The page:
An innovative approach to embedding ethical values and addressing the UN SDGs

Tedi London, Canada Water

Engineering UK data showed in 2018/19 only 21% of new entrants into engineering and technology courses, and only 12.4% of all engineers, are women. With a global shortage of engineers - an estimated additional 20,000 new engineers per year are needed in the UK alone - attracting more people to the profession is paramount to ensure engineered solutions to global challenges.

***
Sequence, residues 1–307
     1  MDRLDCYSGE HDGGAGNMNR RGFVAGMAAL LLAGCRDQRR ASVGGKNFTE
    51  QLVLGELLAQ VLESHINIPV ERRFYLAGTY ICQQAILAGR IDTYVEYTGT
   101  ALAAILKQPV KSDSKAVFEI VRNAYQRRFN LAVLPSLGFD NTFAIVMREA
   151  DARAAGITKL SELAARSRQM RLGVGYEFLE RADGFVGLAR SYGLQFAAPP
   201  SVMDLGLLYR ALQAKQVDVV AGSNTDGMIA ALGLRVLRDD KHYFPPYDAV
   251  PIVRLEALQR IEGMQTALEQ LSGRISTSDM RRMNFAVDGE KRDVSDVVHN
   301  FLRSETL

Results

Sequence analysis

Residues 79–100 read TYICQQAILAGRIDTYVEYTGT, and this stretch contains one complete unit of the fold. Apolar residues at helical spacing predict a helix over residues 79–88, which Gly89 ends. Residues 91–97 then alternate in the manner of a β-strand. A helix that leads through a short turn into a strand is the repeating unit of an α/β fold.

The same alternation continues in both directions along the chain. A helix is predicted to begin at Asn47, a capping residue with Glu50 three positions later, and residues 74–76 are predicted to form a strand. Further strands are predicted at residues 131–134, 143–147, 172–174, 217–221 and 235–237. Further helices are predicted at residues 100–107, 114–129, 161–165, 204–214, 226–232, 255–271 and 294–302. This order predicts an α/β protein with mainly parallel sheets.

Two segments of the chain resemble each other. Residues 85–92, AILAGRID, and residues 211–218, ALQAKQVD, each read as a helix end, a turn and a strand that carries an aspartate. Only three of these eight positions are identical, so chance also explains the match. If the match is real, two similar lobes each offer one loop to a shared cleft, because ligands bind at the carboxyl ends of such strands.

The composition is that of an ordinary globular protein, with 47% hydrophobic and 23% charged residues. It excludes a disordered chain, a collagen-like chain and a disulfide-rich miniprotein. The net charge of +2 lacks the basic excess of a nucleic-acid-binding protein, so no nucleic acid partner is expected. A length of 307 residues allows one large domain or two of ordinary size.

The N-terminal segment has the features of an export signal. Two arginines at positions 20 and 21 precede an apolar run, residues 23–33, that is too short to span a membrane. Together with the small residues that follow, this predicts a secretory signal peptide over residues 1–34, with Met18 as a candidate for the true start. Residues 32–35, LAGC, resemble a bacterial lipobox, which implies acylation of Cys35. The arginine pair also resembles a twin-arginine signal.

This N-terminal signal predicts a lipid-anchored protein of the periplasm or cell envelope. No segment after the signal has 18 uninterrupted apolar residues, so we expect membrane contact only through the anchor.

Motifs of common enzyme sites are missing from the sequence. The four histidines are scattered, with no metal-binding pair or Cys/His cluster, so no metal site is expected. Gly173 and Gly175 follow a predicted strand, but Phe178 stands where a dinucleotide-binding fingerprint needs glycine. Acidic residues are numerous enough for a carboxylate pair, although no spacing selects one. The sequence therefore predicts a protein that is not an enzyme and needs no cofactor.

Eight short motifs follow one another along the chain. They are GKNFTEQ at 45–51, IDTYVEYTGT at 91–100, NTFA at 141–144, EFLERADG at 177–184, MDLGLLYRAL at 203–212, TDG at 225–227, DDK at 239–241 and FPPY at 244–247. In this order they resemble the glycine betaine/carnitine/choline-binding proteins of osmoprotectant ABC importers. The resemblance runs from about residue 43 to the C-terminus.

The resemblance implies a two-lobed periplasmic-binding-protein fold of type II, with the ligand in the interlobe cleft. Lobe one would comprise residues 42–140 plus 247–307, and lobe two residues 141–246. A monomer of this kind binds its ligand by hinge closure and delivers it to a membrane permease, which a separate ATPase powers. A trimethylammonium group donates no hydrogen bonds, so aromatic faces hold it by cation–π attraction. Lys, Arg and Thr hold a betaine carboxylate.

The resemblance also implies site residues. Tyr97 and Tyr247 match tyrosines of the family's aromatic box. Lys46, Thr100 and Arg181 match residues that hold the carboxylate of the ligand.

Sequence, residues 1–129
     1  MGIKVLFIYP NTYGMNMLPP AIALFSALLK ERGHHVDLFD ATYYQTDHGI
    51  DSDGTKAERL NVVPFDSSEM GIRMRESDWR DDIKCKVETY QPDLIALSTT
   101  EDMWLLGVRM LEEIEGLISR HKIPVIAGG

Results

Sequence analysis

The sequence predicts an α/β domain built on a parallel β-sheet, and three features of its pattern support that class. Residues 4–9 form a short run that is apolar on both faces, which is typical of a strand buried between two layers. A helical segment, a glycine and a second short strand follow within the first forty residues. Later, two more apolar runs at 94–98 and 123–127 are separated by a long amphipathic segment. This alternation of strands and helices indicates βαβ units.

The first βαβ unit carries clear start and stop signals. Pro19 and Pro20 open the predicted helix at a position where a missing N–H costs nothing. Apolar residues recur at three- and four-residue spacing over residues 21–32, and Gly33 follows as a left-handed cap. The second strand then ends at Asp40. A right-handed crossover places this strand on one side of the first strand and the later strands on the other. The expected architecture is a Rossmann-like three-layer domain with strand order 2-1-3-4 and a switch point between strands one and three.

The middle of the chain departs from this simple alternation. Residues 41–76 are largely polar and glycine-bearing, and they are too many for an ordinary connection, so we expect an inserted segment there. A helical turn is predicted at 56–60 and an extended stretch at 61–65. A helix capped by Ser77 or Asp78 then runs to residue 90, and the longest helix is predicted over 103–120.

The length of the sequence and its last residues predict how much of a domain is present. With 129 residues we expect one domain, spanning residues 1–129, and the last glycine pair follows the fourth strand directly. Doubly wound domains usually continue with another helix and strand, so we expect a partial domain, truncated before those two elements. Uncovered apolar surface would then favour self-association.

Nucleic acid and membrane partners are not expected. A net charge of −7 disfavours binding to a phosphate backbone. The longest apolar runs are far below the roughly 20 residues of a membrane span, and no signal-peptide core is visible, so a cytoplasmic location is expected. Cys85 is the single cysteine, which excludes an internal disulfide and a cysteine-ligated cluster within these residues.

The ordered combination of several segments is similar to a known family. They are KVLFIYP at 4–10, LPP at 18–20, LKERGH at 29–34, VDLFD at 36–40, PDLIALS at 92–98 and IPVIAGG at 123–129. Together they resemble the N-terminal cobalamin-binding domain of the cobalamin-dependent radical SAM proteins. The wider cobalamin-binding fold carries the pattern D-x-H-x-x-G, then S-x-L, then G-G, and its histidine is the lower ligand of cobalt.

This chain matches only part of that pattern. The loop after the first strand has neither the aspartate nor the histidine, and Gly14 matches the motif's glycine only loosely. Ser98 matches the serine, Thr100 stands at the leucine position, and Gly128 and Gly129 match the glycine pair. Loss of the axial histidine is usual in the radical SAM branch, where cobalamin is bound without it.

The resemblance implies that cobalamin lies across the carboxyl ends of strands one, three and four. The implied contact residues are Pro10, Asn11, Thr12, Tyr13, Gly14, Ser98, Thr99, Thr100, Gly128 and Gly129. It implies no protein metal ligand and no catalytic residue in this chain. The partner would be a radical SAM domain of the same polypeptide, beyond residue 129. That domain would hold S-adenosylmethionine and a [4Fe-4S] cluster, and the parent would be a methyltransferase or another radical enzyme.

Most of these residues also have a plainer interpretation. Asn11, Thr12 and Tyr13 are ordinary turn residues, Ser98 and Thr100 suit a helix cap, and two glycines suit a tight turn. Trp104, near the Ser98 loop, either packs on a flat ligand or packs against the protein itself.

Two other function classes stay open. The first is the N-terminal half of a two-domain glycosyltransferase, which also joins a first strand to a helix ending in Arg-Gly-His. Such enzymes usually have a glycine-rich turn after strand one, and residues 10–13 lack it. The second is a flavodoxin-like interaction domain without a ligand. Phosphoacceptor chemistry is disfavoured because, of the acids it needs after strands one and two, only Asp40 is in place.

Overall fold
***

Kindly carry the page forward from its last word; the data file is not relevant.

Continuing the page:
TEDI-London is a collaborative, design-led engineering higher education provider was developed and co-founded by the three PLuS Alliance partners – Arizona State University, King’s College London and UNSW Sydney. A unique value proposition is that students are considered ‘engineers in training’, who work from the TEDI-London offices during usual business hours and work on real-life projects, informed by industry and community. The project work is supported by ‘just-in-time’ learning modules and there are no lectures. TEDI-London's first cohort of degree-earning students will finish in 2024, with the option to take up residence at the founding partner universities to complete their studies with an international experience.